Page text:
Evening Lectures - Ocala

Jay Dean

THE TALK: Your Body in Flight During World War II: How American Physiologists Learned to Protect the Health of Airman in the World’s First High Altitude, High Speed Air War

April 15, 2015


The air war of 1939-1945 was a physiological war. Aviators flew unpressurized planes to altitudes of 20,000-35,000 feet or higher in order to evade enemy interceptors and anti-aircraft fire. Above 20,000 feet, aircrew performance was often impaired by anoxia, decompression sickness, hypothermia & frostbite. High-performance fighter aircraft subjected pilots to tremendous centrifugal forces (G-forces) during violent dog-fighting maneuvers that left them temporarily blinded and woozy as their hearts struggled to pump oxygenated blood to their eyes and brain. America deployed its first pressurized bomber in the spring of 1944, this however, created a new problem…explosive decompression!

Our nation’s pioneering research on the physiologic effects of high-altitude flight and explosive decompression began in 1940 and by 1945 and provided the tactical edge in the world’s first high altitude, high speed air war. The successful aeromedical research and training programs established by America’s pioneering “physiological warriors” played a major role in the allied victory in the air war. The knowledge gained and the new practices established during the war years would safely propel the U.S. aviator into the jet age and lay the scientific foundation for aerospace medicine in the post-war era.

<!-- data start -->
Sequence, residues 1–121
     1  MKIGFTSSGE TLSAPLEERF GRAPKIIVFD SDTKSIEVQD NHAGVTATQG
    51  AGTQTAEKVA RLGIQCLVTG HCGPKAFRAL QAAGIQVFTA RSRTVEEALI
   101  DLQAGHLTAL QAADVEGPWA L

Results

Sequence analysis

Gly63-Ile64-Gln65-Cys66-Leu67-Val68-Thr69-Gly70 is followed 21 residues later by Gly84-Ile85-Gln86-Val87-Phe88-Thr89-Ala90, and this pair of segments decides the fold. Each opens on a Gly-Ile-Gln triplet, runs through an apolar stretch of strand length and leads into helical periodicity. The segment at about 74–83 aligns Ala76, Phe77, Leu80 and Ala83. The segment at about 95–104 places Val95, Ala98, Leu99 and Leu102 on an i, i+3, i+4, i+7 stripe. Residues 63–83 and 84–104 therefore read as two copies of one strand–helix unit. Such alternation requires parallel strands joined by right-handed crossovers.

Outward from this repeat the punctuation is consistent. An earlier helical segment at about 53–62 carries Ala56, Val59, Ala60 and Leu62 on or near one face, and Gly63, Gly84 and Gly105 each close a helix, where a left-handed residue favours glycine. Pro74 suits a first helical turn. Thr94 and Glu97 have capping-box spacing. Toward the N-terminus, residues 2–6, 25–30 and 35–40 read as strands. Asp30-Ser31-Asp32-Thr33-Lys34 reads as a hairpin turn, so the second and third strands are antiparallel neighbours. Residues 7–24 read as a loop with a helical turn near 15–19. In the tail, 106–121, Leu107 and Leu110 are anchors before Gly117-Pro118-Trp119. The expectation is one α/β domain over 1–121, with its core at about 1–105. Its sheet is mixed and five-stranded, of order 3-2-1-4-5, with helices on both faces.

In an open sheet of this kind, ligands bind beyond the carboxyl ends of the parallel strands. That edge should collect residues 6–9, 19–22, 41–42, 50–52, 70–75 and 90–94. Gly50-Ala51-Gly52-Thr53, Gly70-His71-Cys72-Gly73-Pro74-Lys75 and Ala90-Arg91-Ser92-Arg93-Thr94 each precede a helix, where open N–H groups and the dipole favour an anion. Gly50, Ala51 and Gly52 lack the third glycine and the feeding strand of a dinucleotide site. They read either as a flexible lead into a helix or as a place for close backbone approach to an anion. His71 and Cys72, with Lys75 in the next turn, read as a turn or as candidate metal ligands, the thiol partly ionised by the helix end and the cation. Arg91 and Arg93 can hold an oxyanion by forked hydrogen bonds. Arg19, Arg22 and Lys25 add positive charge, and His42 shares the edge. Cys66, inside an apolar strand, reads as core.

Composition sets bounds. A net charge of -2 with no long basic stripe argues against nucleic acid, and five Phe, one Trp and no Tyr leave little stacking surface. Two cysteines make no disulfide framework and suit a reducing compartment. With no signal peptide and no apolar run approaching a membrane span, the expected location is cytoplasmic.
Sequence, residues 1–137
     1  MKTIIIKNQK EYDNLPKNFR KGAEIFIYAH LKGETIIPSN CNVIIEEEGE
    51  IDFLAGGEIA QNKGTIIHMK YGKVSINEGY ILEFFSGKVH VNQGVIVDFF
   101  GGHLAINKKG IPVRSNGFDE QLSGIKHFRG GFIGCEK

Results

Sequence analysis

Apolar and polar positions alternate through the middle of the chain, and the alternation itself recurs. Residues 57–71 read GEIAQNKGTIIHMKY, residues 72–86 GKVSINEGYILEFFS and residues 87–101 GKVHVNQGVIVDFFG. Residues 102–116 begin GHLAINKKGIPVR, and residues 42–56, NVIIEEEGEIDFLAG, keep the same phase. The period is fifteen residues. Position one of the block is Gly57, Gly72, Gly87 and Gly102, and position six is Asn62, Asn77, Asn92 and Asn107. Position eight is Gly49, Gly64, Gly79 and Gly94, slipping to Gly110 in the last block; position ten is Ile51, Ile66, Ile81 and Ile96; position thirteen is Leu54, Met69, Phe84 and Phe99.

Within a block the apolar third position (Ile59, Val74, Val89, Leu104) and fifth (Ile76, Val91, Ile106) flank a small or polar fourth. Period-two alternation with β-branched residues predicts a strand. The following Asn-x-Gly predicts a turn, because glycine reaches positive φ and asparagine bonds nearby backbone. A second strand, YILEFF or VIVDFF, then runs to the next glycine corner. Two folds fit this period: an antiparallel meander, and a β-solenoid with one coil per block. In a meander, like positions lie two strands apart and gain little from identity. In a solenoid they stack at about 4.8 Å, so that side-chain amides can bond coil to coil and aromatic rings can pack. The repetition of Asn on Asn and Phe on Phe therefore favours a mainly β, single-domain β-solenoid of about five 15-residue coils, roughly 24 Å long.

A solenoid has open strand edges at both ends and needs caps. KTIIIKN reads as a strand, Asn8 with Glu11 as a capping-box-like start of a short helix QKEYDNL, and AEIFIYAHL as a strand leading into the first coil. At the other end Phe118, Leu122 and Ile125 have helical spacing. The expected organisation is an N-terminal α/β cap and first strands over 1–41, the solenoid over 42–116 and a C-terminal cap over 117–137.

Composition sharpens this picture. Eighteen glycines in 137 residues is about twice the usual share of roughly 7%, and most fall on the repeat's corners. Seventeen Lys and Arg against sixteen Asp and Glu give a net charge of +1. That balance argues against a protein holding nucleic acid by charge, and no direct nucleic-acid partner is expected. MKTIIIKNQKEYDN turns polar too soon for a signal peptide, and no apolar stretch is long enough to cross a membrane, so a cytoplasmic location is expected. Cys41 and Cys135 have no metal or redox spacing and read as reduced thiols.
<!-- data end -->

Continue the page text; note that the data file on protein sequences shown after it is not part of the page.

Jay B. Dean serves as director of the Hyperbaric Biomedical Research Laboratory and Professor in the Dept. of Molecular Pharmacology & Physiology, Morsani College of Medicine at the University of South Florida. Dr. Dean has pioneered methods for studying the effects of hyperbaric gases on the nervous system, addressing important medical problems in diving and submarine medicine ranging from CNS oxygen toxicity, to CO2 regulation and stimulation of breathing, to more recently, Inert Gas Narcosis and High Pressure Nervous Syndrome.

Dr. Dean received his Ph.D. in Physiology from The Ohio State University, a BS in Biology at Central Michigan University and his M.S. in Biological Sciences at Michigan Technological University. Dean was a Postdoctoral Fellow in the Dept. of Physiology at UNC Chapel Hill and served on the faculty at Wright State University where he rose through the ranks to Full Professor and served as the Interim Chairman of the Department of Anatomy and Physiology. He was named the Brage Golding Distinguish Professor of Research in 2003. Dr. Dean has nearly 70 peer reviewed publications and is currently writing a book Aviation Physiology during World War II for the American Physiological Society.

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